Siemens announced the company has issued a fix for at least some of the Supervisory Control and Data Acquisition (SCADA) vulnerabilities that threaten the security of critical infrastructure control networks.
SCADA systems provide operations control for critical infrastructure and production networks including manufacturing facilities, refineries, hydroelectric and nuclear power plants, and the information in Beresford's presentation would have exposed previously undisclosed threats.
The remediation of the vulnerabilities are the company's first documented mitigation actions since the debut of the Stuxnet virus last year, which targeted Siemens programmable logic controllers (PLCs).
Stuxnet is a highly sophisticated designer-virus that wreaks havoc with SCADA systems, and the Stuxnet virus is thought to have caused severe damage to Iranian uranium enrichment facilities which reportedly set back the nation's nuclear program several years.
Siemens issued fixes for at least two vulnerabilities in the company's S7-1200 controllers, one of which could have allowed for attackers to take control of control systems via what is dubbed as a "replay attack".
The second was a weakness in the system's web server which could have presented the opportunity for attackers to crash the SCADA networks alltogether.
Siemens was prompted to take swift action after security researcher Dillon Beresford cancelled a scheduled presentation at the Takedown Conference in Dallas where he planned to reveal an exploit proof-of-concept aimed at Siemens controllers.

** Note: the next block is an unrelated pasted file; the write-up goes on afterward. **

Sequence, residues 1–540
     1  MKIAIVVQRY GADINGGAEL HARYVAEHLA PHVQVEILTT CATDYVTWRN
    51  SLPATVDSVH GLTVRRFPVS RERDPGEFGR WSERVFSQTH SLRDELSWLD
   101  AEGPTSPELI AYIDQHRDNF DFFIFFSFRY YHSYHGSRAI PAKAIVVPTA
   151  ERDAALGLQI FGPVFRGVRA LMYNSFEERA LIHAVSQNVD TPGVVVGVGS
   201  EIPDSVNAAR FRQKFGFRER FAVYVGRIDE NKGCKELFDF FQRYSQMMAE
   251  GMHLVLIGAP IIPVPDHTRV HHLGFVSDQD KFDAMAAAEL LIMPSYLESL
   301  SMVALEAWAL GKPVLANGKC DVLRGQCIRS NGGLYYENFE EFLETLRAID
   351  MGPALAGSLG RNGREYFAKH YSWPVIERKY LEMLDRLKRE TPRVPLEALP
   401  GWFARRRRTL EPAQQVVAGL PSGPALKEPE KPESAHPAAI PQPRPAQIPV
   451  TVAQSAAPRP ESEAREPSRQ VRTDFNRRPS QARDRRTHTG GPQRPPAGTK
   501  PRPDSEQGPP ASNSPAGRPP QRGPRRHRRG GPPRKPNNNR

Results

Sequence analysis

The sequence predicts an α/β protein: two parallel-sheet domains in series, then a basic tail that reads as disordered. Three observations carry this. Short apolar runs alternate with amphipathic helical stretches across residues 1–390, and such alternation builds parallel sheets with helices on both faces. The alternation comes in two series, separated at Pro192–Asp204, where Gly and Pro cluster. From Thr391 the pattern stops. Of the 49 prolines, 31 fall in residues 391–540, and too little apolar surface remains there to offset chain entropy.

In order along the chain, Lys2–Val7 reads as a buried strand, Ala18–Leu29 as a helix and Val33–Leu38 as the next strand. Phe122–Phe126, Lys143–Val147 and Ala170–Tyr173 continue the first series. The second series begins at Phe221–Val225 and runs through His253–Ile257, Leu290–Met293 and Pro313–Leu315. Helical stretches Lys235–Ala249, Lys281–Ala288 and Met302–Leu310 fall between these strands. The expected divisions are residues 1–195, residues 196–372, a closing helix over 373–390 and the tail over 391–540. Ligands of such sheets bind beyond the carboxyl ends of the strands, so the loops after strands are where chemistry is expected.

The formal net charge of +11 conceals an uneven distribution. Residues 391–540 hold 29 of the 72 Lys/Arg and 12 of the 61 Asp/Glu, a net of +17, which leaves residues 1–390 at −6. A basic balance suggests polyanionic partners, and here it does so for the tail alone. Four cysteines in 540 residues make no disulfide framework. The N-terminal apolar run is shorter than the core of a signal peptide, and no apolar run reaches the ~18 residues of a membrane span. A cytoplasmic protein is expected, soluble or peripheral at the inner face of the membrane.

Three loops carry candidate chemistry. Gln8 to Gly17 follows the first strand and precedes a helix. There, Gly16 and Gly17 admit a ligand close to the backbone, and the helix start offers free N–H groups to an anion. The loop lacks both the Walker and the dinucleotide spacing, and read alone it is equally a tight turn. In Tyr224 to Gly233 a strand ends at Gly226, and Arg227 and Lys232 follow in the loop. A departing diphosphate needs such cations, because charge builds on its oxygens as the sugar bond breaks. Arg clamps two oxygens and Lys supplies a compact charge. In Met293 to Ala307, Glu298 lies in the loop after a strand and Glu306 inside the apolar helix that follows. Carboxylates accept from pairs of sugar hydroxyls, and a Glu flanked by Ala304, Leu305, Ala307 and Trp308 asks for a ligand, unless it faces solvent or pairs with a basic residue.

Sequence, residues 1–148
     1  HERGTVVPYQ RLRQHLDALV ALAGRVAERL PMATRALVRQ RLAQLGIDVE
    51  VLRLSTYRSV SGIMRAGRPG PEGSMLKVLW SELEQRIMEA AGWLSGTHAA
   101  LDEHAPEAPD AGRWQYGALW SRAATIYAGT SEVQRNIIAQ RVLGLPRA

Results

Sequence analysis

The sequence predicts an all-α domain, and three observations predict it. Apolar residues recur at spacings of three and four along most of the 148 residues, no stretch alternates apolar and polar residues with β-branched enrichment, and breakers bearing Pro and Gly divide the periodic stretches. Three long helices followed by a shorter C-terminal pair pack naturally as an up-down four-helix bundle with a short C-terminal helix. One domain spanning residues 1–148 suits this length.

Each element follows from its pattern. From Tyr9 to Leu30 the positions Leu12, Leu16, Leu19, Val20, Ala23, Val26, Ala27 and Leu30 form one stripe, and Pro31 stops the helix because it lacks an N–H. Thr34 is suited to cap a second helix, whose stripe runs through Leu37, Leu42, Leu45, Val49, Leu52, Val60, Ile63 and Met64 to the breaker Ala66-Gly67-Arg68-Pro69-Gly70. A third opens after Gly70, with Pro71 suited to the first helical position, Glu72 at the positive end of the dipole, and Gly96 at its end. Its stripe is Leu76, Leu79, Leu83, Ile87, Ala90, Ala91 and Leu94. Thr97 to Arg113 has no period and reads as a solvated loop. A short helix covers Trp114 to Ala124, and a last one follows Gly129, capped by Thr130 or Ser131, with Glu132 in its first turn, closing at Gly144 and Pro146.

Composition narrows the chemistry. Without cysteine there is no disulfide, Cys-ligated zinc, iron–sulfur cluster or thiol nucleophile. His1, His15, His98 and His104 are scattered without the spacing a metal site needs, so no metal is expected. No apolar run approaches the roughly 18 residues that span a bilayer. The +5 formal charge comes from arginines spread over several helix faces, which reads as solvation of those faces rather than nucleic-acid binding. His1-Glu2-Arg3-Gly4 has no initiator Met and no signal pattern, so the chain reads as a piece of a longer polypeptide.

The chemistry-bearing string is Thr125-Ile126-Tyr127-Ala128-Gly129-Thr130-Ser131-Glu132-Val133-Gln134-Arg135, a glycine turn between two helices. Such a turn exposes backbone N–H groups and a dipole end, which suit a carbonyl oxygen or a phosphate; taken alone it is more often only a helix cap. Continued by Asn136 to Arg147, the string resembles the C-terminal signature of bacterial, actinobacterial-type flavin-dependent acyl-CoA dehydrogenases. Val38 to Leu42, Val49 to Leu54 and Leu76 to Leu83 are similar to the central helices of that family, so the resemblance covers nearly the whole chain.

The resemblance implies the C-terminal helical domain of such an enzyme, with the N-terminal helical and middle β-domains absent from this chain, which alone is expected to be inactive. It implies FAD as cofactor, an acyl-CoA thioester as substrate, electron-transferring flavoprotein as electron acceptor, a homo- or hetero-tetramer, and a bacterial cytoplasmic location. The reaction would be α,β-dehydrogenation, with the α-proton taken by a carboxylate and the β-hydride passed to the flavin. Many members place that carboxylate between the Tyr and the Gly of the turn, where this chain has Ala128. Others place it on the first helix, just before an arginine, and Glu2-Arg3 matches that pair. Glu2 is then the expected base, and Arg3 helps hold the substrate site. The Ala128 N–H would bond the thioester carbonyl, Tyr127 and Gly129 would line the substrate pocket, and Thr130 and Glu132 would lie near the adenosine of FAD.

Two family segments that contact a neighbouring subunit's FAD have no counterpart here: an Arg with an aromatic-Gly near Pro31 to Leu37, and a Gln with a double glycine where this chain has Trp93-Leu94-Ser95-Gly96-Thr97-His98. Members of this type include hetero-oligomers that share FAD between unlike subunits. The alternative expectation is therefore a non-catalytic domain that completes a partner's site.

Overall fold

Beresford made the decision to cancel the scheduled presentation after consulting with representatives from Siemens and the Department of Homeland Security over security concerns.
Beresford subsequently issued some harsh criticism regarding the manner in which Siemens was handling the disclosure of the vulnerabilities. Siemens had attempted to characterize the exploit as being highly sophisticated developed under an artificial set of circumstances that would be difficult for a supposed attacker to recreate.
Beresford had countered Siemens' assertions, stating that the exploits were not of a sophisticated nature, stating that "the flaws are not difficult for a typical hacker to exploit because I put the code into a series of Metasploit auxiliary modules, the same ones supplied to ICS-CERT and Siemens."
Beresford indicated he was not privy to exactly which of the six vulnerabilities he discovered had been mitigated, but stated that the "replay attack" fix was probably one of the most critical, along with one other that has yet to be patched.
Siemens is pursuing fixes for other vulnerabilities identified, stating "we are currently testing all systems including S7-300 and 400 in replay scenarios. Depending on the results of those tests, we will have to react accordingly," a Siemens spokesman said.